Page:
HPAC Magazine

Where there is smoke… there is a maintenance issue

November 1, 2012 | By Adam Dras

New oilburners should not produce smoke.

Smoke and soot, which are nothing more than unburned carbon, are created by outdated burner designs and incorrect burner service and adjustment. Smoke production is unnecessary and must be eliminated, because it reduces efficiency, increases service calls, and is a nuisance to homeowners. It can be prevented using modern burners, and through careful adjustment of burners using combustion test equipment.

Excessive smoke wastes fuel because it deposits soot on the heat exchanger surfaces (see Figure 1). This insulates the heat exchanger, limiting its ability to extract the heat from the combustion gases. A layer of soot only 1/8″ thick can reduce heat absorption by over eight per cent.

Efficiency loss caused by a smoky burner occurs as the soot slowly builds up. Soot also affects the reliable operation of the burner. If it builds up on the cad cell or the bimetal of the stack relay, it can act like a flame failure and cause the control to lock out on safety, creating an unnecessary service call.

Overfiring can cause smoke. If a unit is overfired, the burner will create heat faster than the heating system can distribute to the building. When this happens, the burner short cycles (goes on and off frequently for short periods of time). The problem is that older oilburners create smoke when they start and stop.

Up to two thirds of all the smoke produced by burners made before the year 2000 is produced on start up and shut down. Therefore, properly sized nozzles will produce less frequent burner cycling and less smoke.


Sulfur exists in varying degrees in all fossil fuels. The sulfur content of heating oil ranges from 0.5 per cent to 0.05 per cent by weight.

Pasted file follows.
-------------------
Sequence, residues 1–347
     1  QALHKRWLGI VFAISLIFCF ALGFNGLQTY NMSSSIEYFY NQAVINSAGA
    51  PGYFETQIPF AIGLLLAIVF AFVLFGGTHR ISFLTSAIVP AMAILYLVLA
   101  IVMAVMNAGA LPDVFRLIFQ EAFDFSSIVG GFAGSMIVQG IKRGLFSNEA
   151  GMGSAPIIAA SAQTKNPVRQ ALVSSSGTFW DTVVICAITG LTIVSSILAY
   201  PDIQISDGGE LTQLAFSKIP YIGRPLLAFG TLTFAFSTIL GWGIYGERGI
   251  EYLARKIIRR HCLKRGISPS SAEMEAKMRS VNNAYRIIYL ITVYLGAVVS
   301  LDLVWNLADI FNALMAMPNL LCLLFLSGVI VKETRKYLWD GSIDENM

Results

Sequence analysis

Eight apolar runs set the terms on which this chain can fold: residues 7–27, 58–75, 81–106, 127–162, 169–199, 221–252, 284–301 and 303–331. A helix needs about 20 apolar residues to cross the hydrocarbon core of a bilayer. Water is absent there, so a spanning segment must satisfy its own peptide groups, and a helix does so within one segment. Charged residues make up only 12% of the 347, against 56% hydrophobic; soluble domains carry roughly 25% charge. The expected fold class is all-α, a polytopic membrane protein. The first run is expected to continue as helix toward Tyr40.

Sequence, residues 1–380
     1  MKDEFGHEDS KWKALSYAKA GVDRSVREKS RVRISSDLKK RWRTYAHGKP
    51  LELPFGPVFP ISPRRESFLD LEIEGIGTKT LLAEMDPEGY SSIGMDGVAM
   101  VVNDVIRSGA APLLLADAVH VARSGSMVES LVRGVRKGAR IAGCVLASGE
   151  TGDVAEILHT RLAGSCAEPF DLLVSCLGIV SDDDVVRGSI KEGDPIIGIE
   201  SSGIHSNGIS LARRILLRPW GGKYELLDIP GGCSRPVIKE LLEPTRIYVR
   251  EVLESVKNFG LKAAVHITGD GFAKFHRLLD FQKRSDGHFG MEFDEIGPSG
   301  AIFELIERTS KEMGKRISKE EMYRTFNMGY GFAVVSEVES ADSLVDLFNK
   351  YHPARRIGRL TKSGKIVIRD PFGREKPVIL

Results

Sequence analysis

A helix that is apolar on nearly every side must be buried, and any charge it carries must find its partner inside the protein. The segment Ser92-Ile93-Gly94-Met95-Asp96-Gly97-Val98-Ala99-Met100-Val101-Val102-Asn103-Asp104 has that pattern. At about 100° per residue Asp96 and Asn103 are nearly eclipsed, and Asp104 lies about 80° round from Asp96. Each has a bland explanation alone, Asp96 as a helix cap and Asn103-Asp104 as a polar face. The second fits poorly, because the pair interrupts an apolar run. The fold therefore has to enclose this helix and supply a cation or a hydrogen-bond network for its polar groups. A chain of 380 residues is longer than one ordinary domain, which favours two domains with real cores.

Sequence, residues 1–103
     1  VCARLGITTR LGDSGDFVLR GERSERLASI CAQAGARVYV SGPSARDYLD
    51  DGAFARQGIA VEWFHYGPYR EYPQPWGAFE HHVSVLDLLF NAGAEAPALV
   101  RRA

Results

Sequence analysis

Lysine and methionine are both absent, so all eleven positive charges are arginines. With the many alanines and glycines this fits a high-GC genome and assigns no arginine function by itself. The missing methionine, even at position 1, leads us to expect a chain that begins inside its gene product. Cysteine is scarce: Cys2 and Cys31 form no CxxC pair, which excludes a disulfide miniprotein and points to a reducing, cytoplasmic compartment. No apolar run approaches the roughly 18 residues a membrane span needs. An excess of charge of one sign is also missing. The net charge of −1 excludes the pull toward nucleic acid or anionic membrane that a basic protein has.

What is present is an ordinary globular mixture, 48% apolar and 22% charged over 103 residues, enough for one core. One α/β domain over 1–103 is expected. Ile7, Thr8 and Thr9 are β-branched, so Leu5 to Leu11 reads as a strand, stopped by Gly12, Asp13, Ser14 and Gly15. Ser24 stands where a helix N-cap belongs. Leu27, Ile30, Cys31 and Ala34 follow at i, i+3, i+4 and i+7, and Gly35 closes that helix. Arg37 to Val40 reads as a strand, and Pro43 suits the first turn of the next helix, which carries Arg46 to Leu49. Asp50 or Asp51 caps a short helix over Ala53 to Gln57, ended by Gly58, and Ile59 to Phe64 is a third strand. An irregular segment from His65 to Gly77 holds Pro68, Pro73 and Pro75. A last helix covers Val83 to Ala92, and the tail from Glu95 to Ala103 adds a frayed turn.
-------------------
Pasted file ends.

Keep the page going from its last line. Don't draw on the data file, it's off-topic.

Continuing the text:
When burned, the sulfur mixes with oxygen to form sulfuric oxide (SOx). It reacts with the water vapour in the combustion gases to create sulfuric acid aerosol. When the acid condenses (at about 66C-93C); (150F to 200F), it adheres to the flue pipe and heat exchanger surfaces in a film and reacts with the iron in the pipe and heat exchanger wall. This creates iron sulfates, the light-yellow to rust-coloured crusty scale you find clinging to the heat exchanger.

Scale buildup downgrades efficiency by one to four per cent over the year. It also blocks flue passages, restricting air flow and increasing smoke and soot. Sulfur levels in heating oil are gradually being reduced, so this will be less of a problem in the future.

Carbon monoxide

Carbon monoxide, or CO, is a toxic gas that can occur in homes and buildings where combustion by-products are generated, not properly vented and allowed to accumulate. CO is a colourless, odourless, tasteless poison. Carbon monoxide is readily absorbed into the body and can impair the oxygen-carrying capacity of the blood (hemoglobin).

Impairment of the body’s hemoglobin results in less oxygen to the brain, heart, and tissues. Even short-term overexposure to carbon monoxide can be critical or fatal to people with heart and lung diseases, and to the young or the elderly. It may also cause headaches and dizziness and other significant medical problems in healthy people. At low concentrations, CO can go undetected and contribute to nagging illnesses, and can compound pre-existing health problems.